Practically perfect parkrun

On Saturday I made my return to running Newcastle parkrun. I knew it had been a while since I’d run 5k what with Great North Run training, going on holiday and then recovering from a sprained ankle; and when I looked it up, I hadn’t run one since August.

Easing back after my injury with run walk sessions and trying to make changes to my running style to land more midfoot, forefoot, I really haven’t been running a lot, so I was a bit nervous when I woke up, especially as my ankle felt a bit stiff. Should I give it another week to recover?

Me running at Newcastle parkrun
Tackling the muddy patch by the military museum. Photo courtesy of Mick Durnion.

Pottering around, getting ready, it soon eased up and I decided to just go with my plan of trying to get round midfoot/forefoot landing and to make that my goal. It meant I had no idea of what time I would do or how to pace it, it would just be run it and see.

Happily it was the most beautiful day for a run on the moor. Bright, crisp and cold, but with barely any wind to speak of and as the sun came out it soon warmed up. And as I’ve been volunteering quite regularly it felt like situation normal to meet up with other parkrunners and say hello to the usual crew.

This was to be one of the monthly paced events, and after saying hello to Sue sporting the 35 min pace shirt and catching up with Penny, I went off to do my running drills warm up. Some heel kicks, knee lifts, bounces, bounds, side shuffles and high kicks later, I was ready to start.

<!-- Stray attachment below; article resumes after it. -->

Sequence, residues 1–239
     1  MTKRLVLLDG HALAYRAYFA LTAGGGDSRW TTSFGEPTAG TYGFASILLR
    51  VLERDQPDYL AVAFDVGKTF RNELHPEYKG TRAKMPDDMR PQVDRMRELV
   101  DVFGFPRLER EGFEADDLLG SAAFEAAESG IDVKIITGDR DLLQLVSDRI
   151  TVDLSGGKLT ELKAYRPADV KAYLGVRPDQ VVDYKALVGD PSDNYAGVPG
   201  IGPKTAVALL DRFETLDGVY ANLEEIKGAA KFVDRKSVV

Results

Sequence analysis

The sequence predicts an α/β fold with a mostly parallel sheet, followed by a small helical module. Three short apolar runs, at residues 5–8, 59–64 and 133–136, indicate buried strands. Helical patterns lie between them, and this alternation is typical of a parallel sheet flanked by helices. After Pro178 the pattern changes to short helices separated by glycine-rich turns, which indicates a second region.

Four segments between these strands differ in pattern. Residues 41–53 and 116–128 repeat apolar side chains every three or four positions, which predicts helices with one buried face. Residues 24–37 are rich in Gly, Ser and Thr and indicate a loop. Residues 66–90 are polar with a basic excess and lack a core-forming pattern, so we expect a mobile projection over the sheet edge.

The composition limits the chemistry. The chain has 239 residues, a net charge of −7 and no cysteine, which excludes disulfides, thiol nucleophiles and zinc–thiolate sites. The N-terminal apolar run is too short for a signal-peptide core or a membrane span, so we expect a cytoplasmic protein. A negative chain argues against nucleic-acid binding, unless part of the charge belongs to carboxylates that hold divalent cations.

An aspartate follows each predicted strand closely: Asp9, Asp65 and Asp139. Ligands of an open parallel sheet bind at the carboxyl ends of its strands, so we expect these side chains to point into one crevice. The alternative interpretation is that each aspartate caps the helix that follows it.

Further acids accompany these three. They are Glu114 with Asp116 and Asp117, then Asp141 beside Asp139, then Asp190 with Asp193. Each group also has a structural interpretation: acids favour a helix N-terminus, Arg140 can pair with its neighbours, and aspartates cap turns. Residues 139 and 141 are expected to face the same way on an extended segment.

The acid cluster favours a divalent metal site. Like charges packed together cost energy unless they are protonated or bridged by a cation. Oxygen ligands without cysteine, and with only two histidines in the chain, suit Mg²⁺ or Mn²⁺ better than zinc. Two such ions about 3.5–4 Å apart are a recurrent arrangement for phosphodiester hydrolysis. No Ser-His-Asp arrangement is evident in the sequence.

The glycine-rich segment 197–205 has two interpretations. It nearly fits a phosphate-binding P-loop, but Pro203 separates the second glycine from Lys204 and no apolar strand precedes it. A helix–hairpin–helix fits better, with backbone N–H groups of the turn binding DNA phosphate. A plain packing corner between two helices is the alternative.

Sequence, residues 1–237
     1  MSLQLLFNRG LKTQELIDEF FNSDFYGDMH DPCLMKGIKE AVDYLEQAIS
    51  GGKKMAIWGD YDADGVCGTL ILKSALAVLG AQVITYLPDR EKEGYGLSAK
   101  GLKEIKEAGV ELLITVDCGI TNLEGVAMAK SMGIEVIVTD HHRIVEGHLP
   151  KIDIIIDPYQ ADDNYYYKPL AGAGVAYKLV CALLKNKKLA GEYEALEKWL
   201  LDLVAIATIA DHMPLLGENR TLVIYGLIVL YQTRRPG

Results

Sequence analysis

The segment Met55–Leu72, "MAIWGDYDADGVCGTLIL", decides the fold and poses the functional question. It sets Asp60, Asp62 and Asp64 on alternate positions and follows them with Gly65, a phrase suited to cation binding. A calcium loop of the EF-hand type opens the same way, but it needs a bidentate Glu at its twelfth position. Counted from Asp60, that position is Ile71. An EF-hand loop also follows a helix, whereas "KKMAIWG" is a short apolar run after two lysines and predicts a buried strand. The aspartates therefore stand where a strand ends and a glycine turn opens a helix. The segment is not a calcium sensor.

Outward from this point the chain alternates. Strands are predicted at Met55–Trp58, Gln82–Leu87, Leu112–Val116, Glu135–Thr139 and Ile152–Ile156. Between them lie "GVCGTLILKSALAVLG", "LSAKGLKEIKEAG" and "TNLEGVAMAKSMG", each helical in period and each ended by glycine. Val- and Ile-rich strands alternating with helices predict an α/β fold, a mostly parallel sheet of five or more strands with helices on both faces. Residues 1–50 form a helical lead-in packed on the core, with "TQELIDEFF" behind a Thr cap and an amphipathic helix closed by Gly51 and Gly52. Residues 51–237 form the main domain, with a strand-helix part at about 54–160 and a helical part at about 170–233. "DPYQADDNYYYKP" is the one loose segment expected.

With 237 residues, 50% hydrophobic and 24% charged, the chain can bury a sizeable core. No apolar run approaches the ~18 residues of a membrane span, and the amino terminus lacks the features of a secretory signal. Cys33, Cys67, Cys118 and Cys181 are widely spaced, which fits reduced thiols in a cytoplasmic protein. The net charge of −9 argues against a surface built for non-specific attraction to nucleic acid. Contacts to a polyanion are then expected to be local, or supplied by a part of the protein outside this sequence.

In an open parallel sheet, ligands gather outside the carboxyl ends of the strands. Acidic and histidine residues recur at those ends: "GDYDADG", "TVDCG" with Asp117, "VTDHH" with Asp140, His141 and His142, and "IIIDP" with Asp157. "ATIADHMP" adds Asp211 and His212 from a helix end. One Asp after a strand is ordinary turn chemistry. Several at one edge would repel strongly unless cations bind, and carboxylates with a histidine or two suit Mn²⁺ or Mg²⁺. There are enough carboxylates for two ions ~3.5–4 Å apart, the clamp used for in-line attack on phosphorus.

I positioned myself firmly mid pack, chatted to a couple of nearby runners, heard some of the 50 shirts being given out and set my Garmin on the sound of the starting air horn. And then it was away and off over the paths and into the sunshine.

Steady, steady, steady I coached myself, small steps, kick back, land under the centre line, keep it light and turn your legs over. Picking my way through the usual crowded start I soon found my space and powered on, hoping my natural enthusiasm hadn’t taken me away too quickly.

But my breathing felt good and I was stepping lightly, listening for the sound of my own footsteps, trying to stay relaxed and focused. I said a cheery hello to Fred (our usual tail runner) as I passed and really started to enjoy the sensation of running at a decent pace.

Then out of the corner of my eye, I spotted a green pacers shirt right next to me. It was today’s 30 minute man and two thoughts simultaneously went through my mind – ‘30 mins would be good’, and ‘time doesn’t matter, it’s about technique today’.

I stuck with him for a while as I thought the pace felt about right, but as we approached gate one, I decided to take off my gloves and stick them in my back pocket and he pulled ahead.

Through the gate with a shouted thanks to Malcolm and onto the tree lined path along beside the road. I like this stretch, I always feel good here, although today I was conscious of the slight camber and rough edges of the path, so chose my footing carefully.

Through the second gate, and onto the slightly muddy paths on the moor. Again I picked my way through carefully, looking for the smoothest path. Somewhere between 2-3km I passed the 30 minute pacer and did a mental check to see how I was feeling, but I was good, not pushing too hard, just feeling elated to be running and strong.